> potential consequences of its misuse. (Perhaps that will save Joy's
> boss Scott McNealy from having to hector the Department of Justice to
> bring a frivolous antitrust lawsuit against the first company to
> outcompete Sun in nanotechnology.)
> Though Joy's argument has so far met with a fairly cool reception --
> not only from techno-commentators, but even from techno musicians --
> it is worth considering what might happen if his ideas start to take
> hold. That is not so farfetched a scenario, despite today's
> high-flying technology sector. Europe is already facing a growth of
> neo-Luddite sentiment -- visible in things like opposition to genetic
> engineering. In California and the rest of the nation, Ralph Nader's
> Green Party is doing pretty well by offering Luddites a genuine
> anti-technology choice, rather than an echo of pro-business
> Republicrats.
> More generally, Luddite intellectuals are successfully propagating
> "the precautionary principle," which states that we should never try
> anything new unless we are certain that it is absolutely safe. Look
> for the precautionary principle to start showing up in EPA regulations
> around 2002 if there's a Democratic President, or around 2007 in case
> of a Republican one that follows in the footsteps of George Bush III's
> EPA head William Reilly.
> Crushing nanotechnology would be a terrible thing. In fact, the
> example of biological warfare offers the depressing possibility that
> adopting Joy's "relinquishment" approach to nanotechnology might
> actually make things worse. First of all, relinquishment would deprive
> us of the potential benefits of benign nanotechnology, such as cheap
> space travel, cancer cures, bodies that stay younger and healthier for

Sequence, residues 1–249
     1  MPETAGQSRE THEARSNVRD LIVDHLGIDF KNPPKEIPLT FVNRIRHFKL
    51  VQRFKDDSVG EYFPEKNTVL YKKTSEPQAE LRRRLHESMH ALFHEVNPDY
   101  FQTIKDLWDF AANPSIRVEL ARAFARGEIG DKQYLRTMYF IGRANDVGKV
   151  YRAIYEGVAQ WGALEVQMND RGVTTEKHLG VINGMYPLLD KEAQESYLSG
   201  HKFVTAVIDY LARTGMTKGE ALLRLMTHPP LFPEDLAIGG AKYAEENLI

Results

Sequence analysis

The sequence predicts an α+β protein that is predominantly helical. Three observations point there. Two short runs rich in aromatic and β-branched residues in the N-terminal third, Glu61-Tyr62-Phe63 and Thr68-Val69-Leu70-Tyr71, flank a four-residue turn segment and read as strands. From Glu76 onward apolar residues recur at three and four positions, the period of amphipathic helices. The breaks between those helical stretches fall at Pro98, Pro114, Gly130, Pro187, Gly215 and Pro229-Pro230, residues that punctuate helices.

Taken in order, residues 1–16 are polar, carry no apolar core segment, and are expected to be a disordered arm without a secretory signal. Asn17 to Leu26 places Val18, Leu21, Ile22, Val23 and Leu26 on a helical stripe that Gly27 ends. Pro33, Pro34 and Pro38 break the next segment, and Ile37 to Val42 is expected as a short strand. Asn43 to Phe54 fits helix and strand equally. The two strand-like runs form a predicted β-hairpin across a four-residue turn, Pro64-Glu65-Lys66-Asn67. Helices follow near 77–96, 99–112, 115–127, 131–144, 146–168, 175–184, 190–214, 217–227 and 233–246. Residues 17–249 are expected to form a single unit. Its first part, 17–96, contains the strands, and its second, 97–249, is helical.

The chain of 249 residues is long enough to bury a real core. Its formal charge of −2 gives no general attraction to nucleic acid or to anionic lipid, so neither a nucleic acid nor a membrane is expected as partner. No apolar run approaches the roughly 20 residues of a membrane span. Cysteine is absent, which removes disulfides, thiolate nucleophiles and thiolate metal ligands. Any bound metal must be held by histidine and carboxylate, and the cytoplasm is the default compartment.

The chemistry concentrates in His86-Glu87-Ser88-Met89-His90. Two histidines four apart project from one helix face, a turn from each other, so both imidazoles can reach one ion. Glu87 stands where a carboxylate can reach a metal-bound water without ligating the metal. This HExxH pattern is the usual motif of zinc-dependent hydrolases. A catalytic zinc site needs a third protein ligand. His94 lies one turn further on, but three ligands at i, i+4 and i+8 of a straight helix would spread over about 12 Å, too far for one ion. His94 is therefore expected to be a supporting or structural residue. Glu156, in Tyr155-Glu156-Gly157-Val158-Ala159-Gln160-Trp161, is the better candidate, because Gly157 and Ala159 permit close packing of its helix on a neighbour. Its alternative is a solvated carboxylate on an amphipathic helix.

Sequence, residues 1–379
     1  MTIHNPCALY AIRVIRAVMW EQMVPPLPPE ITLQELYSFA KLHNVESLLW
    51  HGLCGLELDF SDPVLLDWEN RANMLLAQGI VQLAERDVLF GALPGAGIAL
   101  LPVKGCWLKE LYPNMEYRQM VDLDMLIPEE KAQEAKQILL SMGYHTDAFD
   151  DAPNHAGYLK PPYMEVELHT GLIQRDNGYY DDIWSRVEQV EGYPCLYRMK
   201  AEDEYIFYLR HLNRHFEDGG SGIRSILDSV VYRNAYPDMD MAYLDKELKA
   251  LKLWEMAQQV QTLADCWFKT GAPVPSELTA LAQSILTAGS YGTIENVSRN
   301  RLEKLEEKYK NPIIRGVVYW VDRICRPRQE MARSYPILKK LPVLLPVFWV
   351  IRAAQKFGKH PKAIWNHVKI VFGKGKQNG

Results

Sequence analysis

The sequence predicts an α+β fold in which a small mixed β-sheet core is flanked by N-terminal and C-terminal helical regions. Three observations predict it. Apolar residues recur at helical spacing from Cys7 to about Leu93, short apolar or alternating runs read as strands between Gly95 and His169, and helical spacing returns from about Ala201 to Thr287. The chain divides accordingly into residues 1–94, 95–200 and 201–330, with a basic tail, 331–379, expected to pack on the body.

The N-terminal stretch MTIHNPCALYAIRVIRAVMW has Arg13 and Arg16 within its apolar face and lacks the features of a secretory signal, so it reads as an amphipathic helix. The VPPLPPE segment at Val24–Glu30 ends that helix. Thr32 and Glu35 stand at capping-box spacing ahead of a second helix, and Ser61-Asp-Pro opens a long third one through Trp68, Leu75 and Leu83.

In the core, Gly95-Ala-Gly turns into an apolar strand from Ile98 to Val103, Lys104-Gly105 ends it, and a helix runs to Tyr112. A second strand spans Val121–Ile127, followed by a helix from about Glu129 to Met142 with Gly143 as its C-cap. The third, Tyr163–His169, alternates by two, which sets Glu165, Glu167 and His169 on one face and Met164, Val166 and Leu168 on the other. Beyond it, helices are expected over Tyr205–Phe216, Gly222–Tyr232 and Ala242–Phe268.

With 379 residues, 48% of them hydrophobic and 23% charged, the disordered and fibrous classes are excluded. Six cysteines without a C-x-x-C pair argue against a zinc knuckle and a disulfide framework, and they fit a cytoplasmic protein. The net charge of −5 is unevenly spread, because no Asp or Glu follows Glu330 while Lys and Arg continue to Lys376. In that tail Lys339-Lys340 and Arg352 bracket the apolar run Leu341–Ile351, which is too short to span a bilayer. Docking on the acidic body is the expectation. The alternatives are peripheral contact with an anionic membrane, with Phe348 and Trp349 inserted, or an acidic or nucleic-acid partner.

> longer. Even worse, "relinquishment" would probably accelerate the
> progress of destructive nanotechnology. In a world where
> nanotechnology is outlawed, outlaws would have an additional incentive
> to develop nanotechnology. And given that research into nanotechnology
> -- like the cruder forms of biological and chemical warfare -- can be
> conducted clandestinely on small budgets and in difficult-to-spot
> facilities, the likelihood of such research going on is rather high.
> Terrorists would have the greatest incentive possible to develop
> nanotechnologies far more deadly than old-fashioned biological
> warfare. This makes Joy's relinquishment argument hard to swallow. At
> the very least, it suggests that Joy and those who agree with him need
> to step up to the plate and make some more sophisticated arguments. No
> one doubts that Joy and the rest have good intentions. But as the
> example of biological warfare illustrates, good intentions, even when
> embodied in popular agreements to abandon a technology, don't
> necessarily have good consequences.
> There is, however, a bright side. As Ed Regis also notes, the story of
> biological warfare research is a sinister one in many ways. But, in
> fact, all those dreadful weapons were never used. Why that is the case
> has puzzled many people, but the best argument seems to be one set
> forth by Regis: political and cultural factors that militated against
> the use of biological weapons trumped the technological factors that
> made them possible.
> [...]